Weirdest story of the week: The New York Times today ran a piece on some schools and some school officials discouraging students from having a "best" friend. Being friends with everyone is supposed to, well, put an end to bullying.
I was bulled in middle school and I have written a seminal article on school bullying for Brain, Child magazine a few years ago (well before the topic became so hot) and I say: Balderdash. Bullying is a problem; it can even be a tragedy. But the fact that a couple of kids bond as best friends is not the cause of bullying: stopping best friendships is not going to be the "cure."
I have always counted myself fortunate to have a best friend as well as a couple of other women in my life with whom I am extremely close. I met my oldest best friend, Patti, when I was eight years old. Now, 46 years later, separated by hundreds of miles, we can still pick up the phone and start a conversation right in the middle. She knows my past and I know hers: all the dirty bits, the secrets, the moments we might not want to remember. She came to my father's funeral a few months ago and I know that whatever I asked, whenever I asked it, she would be there. She knows the same of me.
She's been there for me through a whole host of life changes. And those life changes began soon after we met in third grade. Had anyone discouraged me from clinging to her, or her to me, there would indeed have been hell to pay. And to what end? Is there any kind of scientific evidence that proves that being friends with an entire group of people without having one special person on whom one can absolutely rely is preferable? I wonder, actually, why on earth anyone would study this sort of thing in the first place. Bullying is about power. Power and insecurity. It's something I found is often "taught" or handed down from generation to generation. Stopping kids from having one great friend whom they can trust to have their back is not going to prevent bullying. If anything, when a child doesn't have someone he or she can trust -someone outside the family--bullying can seem even more onerous and scary than it already is. I never told my parents I was bullied. But Patti knew. And she defended me.
There is some common sense in the Times article. To wit:
"Many psychologists believe that close childhood friendships not only increase a child's self-esteem and confidence, but also help children develop the skills for healthy adult relationships -- everything from empathy, the ability to listen and console, to the process of arguing and making up. If children's friendships are choreographed and sanitized by adults, the argument goes, how is a child to prepare emotionally for both the affection and rejection likely to come later in life?"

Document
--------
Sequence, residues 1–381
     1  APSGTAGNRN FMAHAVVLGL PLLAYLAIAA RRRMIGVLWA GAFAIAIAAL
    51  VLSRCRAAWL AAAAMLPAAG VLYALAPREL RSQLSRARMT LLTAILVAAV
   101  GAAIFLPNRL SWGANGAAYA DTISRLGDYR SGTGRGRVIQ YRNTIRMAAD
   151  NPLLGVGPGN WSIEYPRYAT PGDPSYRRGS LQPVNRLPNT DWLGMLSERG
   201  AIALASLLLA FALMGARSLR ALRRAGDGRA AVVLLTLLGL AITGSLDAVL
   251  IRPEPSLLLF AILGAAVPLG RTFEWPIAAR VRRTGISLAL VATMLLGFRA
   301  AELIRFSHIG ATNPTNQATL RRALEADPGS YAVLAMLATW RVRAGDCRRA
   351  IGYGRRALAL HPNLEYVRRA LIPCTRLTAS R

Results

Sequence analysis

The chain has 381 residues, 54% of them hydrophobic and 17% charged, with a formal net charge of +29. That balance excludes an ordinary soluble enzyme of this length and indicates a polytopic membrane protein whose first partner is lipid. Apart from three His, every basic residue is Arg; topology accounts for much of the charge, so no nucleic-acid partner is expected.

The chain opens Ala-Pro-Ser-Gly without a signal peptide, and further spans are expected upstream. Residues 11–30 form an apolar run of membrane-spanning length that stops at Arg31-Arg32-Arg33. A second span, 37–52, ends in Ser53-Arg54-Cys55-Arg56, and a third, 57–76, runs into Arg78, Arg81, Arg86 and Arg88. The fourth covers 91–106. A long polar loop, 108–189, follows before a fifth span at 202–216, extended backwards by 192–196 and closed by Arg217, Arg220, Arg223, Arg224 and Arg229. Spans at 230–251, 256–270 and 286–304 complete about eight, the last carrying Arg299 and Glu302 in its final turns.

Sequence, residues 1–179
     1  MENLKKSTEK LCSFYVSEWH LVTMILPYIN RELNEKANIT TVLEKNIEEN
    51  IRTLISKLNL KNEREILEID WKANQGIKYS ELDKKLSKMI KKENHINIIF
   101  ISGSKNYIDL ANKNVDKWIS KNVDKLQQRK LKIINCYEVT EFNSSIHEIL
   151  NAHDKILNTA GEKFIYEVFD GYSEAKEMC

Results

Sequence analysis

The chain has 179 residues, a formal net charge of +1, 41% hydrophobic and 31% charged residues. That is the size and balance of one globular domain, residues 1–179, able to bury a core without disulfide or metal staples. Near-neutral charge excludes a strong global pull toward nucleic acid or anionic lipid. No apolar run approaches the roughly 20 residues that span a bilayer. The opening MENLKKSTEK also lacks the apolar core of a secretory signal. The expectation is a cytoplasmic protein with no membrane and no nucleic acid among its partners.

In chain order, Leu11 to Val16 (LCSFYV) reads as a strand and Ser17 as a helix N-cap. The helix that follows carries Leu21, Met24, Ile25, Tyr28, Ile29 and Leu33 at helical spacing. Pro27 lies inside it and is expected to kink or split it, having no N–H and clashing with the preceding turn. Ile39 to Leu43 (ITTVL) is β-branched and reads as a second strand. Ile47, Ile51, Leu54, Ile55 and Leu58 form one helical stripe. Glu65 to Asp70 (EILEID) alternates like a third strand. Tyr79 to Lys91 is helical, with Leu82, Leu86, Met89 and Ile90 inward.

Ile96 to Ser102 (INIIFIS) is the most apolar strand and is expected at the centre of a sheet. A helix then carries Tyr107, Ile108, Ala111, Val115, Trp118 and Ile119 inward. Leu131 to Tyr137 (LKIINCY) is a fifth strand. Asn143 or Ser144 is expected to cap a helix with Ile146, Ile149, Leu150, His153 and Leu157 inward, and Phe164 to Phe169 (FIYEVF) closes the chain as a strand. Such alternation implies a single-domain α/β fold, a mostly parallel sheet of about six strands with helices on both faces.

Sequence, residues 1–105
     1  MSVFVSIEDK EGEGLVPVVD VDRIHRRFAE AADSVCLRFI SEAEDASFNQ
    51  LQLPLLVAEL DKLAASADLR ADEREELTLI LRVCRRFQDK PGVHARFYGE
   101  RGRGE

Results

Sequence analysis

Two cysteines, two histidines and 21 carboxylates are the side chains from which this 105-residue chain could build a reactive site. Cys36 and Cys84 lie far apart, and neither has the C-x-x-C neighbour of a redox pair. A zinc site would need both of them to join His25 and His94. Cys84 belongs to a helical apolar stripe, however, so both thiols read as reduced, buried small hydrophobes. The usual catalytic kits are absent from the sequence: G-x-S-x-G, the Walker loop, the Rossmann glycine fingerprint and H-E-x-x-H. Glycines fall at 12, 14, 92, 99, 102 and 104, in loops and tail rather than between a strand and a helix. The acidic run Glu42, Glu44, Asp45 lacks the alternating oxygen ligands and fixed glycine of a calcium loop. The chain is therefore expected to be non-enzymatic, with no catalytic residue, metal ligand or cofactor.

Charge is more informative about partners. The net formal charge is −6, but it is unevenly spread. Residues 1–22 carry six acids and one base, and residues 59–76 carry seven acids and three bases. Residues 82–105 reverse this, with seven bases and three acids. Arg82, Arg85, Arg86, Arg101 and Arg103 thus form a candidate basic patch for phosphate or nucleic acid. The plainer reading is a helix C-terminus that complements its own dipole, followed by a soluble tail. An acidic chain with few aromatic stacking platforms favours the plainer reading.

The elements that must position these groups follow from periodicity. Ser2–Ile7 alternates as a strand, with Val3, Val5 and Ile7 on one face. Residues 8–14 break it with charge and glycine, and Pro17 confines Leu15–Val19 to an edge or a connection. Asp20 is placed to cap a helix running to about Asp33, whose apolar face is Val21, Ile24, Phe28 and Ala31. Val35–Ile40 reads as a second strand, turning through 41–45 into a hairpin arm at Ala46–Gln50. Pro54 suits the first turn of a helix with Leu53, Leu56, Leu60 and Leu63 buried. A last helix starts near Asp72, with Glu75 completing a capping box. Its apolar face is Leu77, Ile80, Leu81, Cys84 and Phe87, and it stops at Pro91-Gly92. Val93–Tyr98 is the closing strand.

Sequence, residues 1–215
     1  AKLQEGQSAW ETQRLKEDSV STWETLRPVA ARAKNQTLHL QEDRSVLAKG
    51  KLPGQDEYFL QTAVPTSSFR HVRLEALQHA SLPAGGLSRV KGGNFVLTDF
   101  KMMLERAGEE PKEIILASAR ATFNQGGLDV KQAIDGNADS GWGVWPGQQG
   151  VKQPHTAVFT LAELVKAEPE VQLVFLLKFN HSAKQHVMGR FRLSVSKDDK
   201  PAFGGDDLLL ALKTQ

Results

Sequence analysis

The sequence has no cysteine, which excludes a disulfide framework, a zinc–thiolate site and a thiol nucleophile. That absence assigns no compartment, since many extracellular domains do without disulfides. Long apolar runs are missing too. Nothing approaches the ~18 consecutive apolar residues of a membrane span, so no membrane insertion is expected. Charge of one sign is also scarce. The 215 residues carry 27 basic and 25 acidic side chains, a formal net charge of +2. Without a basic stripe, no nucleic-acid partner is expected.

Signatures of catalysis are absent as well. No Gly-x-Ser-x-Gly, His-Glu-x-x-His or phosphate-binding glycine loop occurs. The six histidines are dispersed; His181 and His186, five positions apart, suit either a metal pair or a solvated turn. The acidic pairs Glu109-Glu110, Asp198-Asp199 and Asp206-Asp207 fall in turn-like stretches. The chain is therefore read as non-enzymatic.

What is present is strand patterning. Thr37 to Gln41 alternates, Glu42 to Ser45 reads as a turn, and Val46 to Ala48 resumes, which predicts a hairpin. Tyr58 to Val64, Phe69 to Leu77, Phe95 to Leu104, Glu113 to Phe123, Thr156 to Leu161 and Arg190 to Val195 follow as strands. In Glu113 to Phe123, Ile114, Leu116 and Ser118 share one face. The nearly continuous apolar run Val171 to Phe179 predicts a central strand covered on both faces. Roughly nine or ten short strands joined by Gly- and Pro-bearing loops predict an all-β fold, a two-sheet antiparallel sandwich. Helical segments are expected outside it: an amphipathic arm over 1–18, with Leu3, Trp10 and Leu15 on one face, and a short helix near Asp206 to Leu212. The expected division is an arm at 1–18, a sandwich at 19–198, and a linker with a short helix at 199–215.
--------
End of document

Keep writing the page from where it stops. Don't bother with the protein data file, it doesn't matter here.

But those bits of common sense are surrounded by the kind of weird socio-speak of so-called "experts" like Jan Mooney, a psychologist for a private school on Manhattan's Upper West Side. She seems to worry that best friend pairings might be "destructive," and if she finds they are, she and school officials will separate the children and work with the parents to develop "healthier relationships" for the kids in the future.
Stop the micro-managing. How do we expect children to learn anything about the world?
And those sorts of stereotypes that Mooney and others perpetuate make my teeth ache. To assume that best friendships are destructive, rather than helpful and hopeful, seems to be buying into the worst of human nature. But it's no wonder: most of that worst of human nature is found on television today where "best" friends stab each other in the back, steal each other's mates, compete for jobs, sex, and adoration, or just plain act out and misbehave--all while claiming the people with whom, and at whom, they are misbehaving, are their BFFs. Desperate Housewives ring a bell?
The truth is that, left to their own devices, kids can pretty well choose their own best friends. And those relationships will last as long as they last: a few weeks, a few months, forever. But orchestrating a child's friendships, encouraging him or her to "like" everyone or find solace in numerous superficial relationship on which one cannot count for anything tangible seems a pretty strange way to curb childhood bullying. So much better to provide role models that counter bullying, in real life and on television, than undermine friendships.
Luckily, in the article, there seems to be one voice of reason, in psychologist/writer Mark Thompson, who says:
"No one can teach you what a great friend is, what a fair-weather friend is, what a treacherous and betraying friend is except to have a great friend, a fair-weather friend or a treacherous and betraying friend.
"When a teacher is trying to tone down a best-friend culture, I would like to know why. Is it causing misery for the class? Or is there one girl who does have friends but just can't bear the thought that she doesn't have as good a best friend as another? That to me is normal social pain. If you're mucking around too much in the lives of kids who are just experiencing normal social pain, you shouldn't be."
In my adult life, I buried a best friend after a ten-year fight with cancer. I wasn't sure I could ever fill the gap she left, but I have and then some: with my friend, Katherine, who also, unfortunately, lives several hundred miles away, and my friend, Rachel, who lives just down the road. But Patti started it all. Had I never found her, had I never trusted her, had I never had her as a best friend, I would never have had a template for how very valuable and necessary a best friend is.
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